Mayo Clinic has grown its Clinical Research Workforce Development Program from about 16 employees enrolled per cohort in 2017 to as many as 30 per cohort in 2019. This growth has enabled Mayo to optimize onboarding for a broad array of clinical research professionals and boost the workforce’s productivity when engaged in the clinical trial process, says William Simmons, an education specialist at the clinic in Rochester, Minn.
With 20 years in higher education, 14 of which were spent specializing in science education, Simmons has been instrumental in augmenting how Mayo Clinic approaches workforce development programs.
Considering the challenges of implementing strong education programs, Mayo’s uptick represents significant success. “The nature of research is to maximize the value of the research that you do,” Simmons says. “You want to fail fast, if you’re going to. If you succeed, you want to succeed faster. Then, you can deliver healthcare and health products to consumers sooner. This enables us to fulfill our mission and primary value, [which is] to inspire hope and contribute to health and well-being by providing the best care to every patient through integrated clinical practice, education, and research at Mayo Clinic, where the needs of the patient come first.”
According to Simmons, well-implemented education programs facilitate increased research value. “At times, research can be very reactionary, especially with education,” he says. “You want to be proactive.”
When the clinical trial process slows and research professionals are underutilized, Simmons observes that “sometimes a manager will recommend taking a class” almost as a time-filler. That’s the wrong approach, he says. Too often, “people can’t fully do their jobs because they’re waiting for necessary education. Education should be intentional. Education shouldn’t be filler,” he says. The more aligned education and training is with onboarding, the greater the value of ongoing research.
Webinar: Designing, Operationalizing and Maintaining a Comprehensive Assessment-Driven Clinical Research Orientation
Free for ACRP Members! Join Simmons and colleague Laura Hanson on June 12 as they review steps taken to develop and implement this program at Mayo Clinic, and the operational plan for sustaining these activities. This webinar will provide tools and define efforts to create and operationalize a comprehensive, competency-based, systematic Clinical Research Workforce Development Program.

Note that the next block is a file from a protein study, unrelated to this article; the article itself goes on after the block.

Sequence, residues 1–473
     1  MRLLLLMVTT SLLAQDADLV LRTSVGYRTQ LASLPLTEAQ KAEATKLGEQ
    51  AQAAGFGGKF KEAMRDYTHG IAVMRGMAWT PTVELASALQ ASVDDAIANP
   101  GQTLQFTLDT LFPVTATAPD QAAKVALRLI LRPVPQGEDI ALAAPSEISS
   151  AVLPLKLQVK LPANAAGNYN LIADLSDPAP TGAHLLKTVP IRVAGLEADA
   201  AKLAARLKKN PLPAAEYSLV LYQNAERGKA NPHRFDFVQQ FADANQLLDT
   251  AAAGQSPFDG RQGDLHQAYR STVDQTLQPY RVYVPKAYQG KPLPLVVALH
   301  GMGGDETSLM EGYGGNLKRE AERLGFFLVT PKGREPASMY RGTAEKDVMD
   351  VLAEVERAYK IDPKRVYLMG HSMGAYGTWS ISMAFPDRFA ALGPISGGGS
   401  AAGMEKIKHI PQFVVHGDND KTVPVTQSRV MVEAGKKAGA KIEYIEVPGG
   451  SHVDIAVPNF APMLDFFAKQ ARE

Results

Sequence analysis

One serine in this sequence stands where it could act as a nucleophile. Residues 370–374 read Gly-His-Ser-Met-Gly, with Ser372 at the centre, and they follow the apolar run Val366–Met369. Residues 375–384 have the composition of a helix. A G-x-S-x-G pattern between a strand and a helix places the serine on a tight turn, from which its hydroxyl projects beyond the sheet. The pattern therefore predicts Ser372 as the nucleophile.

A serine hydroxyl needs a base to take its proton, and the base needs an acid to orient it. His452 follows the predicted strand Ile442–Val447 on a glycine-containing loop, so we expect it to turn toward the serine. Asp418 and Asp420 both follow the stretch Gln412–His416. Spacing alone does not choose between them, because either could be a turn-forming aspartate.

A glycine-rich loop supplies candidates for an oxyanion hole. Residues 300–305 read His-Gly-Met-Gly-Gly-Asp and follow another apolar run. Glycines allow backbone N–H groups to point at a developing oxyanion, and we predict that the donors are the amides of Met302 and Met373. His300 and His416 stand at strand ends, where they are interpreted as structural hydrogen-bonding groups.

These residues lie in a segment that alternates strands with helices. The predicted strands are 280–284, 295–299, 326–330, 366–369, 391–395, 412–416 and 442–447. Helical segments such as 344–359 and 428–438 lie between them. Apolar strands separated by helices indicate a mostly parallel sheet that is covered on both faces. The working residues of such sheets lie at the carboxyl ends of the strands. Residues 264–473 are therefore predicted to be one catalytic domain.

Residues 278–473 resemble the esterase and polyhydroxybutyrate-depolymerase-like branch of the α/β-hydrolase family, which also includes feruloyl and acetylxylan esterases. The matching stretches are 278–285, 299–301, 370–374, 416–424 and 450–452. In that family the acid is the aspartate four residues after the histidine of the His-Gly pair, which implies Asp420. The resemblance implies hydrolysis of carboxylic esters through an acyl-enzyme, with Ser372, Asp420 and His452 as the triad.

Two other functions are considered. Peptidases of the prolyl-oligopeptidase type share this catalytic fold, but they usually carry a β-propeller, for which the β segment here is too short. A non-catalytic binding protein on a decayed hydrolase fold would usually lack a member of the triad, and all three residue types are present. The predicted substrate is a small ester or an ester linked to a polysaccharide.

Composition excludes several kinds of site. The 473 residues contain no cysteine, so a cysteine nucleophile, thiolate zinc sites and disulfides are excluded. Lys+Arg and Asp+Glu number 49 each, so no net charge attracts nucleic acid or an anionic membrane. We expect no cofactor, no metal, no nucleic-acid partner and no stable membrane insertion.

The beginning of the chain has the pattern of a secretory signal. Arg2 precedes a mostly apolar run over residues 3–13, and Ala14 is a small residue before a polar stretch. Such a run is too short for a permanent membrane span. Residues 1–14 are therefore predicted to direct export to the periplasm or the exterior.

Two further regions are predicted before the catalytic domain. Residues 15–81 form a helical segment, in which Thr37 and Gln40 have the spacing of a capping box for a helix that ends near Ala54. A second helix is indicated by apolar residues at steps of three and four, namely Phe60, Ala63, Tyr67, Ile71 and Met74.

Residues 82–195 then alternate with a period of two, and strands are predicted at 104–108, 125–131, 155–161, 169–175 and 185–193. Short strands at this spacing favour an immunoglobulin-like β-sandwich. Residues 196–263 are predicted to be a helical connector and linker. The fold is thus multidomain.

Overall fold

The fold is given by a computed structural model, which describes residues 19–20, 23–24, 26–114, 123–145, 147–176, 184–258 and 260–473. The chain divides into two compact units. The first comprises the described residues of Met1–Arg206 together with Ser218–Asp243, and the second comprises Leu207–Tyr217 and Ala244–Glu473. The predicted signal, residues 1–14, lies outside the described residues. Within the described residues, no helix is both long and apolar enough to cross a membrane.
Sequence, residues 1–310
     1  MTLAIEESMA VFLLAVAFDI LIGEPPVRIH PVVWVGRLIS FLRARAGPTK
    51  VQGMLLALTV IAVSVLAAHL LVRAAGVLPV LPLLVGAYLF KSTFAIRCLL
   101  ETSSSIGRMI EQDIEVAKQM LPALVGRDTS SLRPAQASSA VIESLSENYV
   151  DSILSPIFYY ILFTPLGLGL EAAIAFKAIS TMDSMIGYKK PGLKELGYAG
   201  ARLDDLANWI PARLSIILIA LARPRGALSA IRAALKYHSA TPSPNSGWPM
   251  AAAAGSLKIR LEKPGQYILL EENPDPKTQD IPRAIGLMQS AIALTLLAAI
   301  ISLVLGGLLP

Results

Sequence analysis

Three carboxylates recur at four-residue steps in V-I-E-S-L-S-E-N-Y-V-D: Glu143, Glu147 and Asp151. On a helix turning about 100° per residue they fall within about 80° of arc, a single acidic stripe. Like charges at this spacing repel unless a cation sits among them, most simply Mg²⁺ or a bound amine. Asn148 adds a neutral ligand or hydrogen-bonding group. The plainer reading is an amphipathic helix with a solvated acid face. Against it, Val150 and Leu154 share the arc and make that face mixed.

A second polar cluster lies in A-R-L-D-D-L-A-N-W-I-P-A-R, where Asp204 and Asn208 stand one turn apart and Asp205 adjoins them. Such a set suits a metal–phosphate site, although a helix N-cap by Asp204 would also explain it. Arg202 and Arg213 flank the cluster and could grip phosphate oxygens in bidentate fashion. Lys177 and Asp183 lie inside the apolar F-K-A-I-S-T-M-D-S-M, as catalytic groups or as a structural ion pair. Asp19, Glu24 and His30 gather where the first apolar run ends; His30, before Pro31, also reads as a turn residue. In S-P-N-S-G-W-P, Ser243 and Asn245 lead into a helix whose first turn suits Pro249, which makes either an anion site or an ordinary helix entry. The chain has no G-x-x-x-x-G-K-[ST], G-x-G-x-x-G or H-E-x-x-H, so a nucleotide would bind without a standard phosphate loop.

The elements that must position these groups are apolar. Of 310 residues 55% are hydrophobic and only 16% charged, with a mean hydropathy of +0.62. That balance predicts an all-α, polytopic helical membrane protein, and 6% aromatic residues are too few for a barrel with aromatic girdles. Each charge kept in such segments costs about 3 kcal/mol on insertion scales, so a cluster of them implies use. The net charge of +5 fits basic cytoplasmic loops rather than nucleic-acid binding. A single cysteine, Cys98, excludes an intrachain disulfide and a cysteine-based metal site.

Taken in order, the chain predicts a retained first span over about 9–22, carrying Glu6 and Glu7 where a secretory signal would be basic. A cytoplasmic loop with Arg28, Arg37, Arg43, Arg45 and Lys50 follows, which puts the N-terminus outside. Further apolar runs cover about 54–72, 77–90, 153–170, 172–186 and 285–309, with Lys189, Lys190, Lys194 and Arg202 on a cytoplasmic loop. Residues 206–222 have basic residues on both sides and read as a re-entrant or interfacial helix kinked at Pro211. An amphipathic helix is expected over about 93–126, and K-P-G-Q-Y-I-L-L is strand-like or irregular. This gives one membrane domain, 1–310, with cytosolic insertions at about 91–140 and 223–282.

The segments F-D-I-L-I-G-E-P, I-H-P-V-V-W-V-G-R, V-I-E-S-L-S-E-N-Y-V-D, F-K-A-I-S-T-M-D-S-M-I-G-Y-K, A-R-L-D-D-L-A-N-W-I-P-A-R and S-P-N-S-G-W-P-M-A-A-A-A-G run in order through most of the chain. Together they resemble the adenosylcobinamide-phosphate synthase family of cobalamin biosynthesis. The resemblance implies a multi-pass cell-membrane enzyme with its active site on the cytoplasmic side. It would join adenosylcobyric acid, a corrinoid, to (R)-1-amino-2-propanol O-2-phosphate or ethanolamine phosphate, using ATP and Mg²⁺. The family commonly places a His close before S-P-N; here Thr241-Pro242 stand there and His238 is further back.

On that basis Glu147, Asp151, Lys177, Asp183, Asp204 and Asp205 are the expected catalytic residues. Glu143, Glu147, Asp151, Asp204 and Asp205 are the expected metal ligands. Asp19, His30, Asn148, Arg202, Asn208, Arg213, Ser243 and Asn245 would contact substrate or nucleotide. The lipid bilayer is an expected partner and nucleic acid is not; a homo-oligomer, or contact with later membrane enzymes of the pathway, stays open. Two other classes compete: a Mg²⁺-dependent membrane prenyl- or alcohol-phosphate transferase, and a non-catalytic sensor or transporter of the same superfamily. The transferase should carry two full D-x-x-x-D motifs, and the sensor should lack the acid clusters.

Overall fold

Simmons recommends programs that are comprehensive, competency-based, and systematic. Involving current staff in the onboarding process helps identify advancement opportunities. Sustained mentorship assures that support is available before it’s an acute need. While education and training ought to be formal, creating modules that are fun benefits learning and strengthens teamwork.
“Everyone learns differently, so we use a blended learning model including online learning, social media, video, classroom activities, and on-the-job previews,” suggests Simmons. Also important are assessment of workforce education gains, as is evaluation of the workforce development program itself. Such assessments promote further growth and prompt refinement of implementation practices, which, in turn, further raise research value.
“The key to Mayo’s success is that leadership has been very supportive of education,” emphasizes Simmons. Mayo Clinic was an early adopter of the belief in research education and has maintained education as a priority. The move to the current workforce development model is another step forward in Mayo’s education strategy, which, for many years, has adapted to meet changes within the broader healthcare environment.
Simmons will go into more detail in an upcoming ACRP Webinar on “Designing, Operationalizing and Maintaining a Comprehensive Assessment-Driven Clinical Research Orientation” with Laura Hanson, a senior project manager at Mayo Clinic.
Author: Michael Rizzo